- Carol Graham discusses the high financial and personal costs of poverty:
Reported stress levels are higher on average in the U.S. than in Latin America. Importantly, the gap between the levels of the rich and poor is also much greater, with the U.S. poor reporting the highest levels of stress of all cohorts. Of course ‘stress’ is a complex phenomenon, however: “Good” stress is associated with the pursuit of goals, while “bad” stress is associated with struggling to cope. Bad stress, which is associated with an inability to plan ahead, lower life satisfaction levels, and worse health outcomes, is more common at the bottom of the distribution.
Pain, worry, sadness, and anger (reported as experienced the day before or not) are also all significantly higher among low income cohorts than among wealthy ones, while reported satisfaction with life as a whole is significantly lower...
...- And Eli Hager comments on the spread of new debtors' prisons in the U.S. as just another areas where people living in poverty are facing gratuitous obstacles.
There are also big differences in reports of chronic suffering across income groups, according to a recent study by Ronald Anderson. Those with incomes below the poverty line were twice as likely to report chronic pain and mental distress as those earning $75,000 or more, and three to five times more likely to have extreme pain or extreme distress.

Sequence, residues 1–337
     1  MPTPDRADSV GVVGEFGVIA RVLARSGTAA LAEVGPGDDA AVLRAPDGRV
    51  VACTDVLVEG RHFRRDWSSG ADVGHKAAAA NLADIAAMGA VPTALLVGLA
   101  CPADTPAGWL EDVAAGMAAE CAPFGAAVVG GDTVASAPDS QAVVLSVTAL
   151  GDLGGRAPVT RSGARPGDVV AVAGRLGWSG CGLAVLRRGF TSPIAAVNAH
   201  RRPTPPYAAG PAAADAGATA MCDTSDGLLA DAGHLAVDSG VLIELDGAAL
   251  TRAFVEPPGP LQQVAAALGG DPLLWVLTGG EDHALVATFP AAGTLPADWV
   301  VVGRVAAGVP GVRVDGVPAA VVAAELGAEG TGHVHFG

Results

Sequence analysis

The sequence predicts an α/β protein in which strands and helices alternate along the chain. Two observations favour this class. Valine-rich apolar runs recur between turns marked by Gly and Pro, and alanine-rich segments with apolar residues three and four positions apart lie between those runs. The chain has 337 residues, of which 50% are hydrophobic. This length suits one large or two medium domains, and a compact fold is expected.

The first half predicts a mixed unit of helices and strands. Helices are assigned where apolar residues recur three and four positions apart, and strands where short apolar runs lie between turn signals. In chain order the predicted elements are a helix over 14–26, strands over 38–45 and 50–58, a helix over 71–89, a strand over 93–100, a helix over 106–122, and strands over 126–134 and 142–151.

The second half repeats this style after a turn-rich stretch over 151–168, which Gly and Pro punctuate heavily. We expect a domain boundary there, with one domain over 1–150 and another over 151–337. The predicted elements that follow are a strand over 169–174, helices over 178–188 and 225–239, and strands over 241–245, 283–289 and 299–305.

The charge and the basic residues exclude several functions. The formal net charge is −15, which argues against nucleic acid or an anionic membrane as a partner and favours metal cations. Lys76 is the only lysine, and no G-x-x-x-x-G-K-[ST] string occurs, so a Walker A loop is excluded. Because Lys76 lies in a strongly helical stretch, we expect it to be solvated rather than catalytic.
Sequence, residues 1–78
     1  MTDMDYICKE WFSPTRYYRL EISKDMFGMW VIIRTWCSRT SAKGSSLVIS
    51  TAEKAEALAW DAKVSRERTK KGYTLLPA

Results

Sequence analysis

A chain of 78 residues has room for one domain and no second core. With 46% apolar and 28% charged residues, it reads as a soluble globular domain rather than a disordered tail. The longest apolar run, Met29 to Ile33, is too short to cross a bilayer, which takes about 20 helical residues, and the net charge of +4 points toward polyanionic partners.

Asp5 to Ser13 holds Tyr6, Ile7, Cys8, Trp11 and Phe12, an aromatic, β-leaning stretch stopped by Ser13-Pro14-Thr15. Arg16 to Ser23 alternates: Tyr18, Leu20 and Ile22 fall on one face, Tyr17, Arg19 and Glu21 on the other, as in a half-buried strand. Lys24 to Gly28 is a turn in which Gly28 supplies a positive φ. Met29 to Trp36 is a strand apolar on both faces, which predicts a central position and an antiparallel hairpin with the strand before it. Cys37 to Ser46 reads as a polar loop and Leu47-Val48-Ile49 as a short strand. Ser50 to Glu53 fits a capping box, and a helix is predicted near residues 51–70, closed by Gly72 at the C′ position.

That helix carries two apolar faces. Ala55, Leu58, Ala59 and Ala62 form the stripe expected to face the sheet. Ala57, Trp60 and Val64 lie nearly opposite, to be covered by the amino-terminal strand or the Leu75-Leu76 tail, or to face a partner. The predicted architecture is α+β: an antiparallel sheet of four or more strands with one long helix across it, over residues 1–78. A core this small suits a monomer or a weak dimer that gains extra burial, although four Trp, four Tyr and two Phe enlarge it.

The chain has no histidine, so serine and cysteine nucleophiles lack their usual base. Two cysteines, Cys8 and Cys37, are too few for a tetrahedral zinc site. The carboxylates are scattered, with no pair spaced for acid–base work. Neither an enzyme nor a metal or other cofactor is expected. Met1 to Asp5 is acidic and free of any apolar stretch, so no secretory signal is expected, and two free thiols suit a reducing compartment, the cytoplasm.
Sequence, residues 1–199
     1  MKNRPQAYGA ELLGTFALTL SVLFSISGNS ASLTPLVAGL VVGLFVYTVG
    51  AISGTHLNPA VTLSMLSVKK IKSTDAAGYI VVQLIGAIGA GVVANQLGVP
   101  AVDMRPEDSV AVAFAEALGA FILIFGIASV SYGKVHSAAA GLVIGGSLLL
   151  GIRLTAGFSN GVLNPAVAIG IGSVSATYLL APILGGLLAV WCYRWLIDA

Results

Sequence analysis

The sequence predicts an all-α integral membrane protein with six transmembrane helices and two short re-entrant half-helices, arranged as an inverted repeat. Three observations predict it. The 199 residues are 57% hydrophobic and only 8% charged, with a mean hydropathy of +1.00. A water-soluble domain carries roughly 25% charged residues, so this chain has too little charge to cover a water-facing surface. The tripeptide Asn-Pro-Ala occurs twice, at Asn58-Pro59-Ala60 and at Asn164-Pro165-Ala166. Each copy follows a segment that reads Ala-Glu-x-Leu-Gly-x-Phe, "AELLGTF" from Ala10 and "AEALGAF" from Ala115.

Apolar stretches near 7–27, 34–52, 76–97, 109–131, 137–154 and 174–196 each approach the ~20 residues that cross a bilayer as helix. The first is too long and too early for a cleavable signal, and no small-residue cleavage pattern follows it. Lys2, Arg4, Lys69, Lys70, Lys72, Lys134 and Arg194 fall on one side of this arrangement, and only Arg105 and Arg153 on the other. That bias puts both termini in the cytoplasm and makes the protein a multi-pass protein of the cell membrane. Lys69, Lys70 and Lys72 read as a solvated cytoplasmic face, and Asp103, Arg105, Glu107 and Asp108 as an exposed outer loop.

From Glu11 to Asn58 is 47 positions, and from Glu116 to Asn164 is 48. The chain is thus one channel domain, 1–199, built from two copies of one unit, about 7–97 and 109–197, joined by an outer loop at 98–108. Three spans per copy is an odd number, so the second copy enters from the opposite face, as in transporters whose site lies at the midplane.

Experiencing discrimination is also associated with stress. Among other things, discrimination raises the transaction costs of simple things such as getting a loan or buying a home. Maternal stress related to discrimination is associated with lower birth weights—which are linked to worse outcomes on a number of progress indicators—thus passing disadvantage on to the next generation...
- Gaspard Sebag reports on McDonalds' widespread tax evasion. And while we can fully expect any corporation to argue that it's managed to stay in a legal grey area, Jon Stone finds that the public isn't prepared to tolerate that kind of hair-splitting from corporations who aren't paying their fair share.
- And there's particularly little reason to see any meaning in bare compliance with the letter of the law when, as Michael Gould-Wartofsky writes, the game is rigged in favour of the wealthy to begin with. Speaking of which, the Globe and Mail weighs in on how tax-free savings accounts have been designed to devour Canada's federal budget in the name of transferring wealth upward.
- Mark Dowie covers the failure of Stephen Harper's all-in bet on the tar sands from a U.S. perspective.
- Finally, Tim Harper rightly argues that Canada needs to stop any slide into intolerance - no matter how determined the Cons are to push us in that direction for political gain. And PressProgress highlights how the combination of bigotry and gross intrusions into civil liberties has even right-wing commentators slamming the Harper Cons.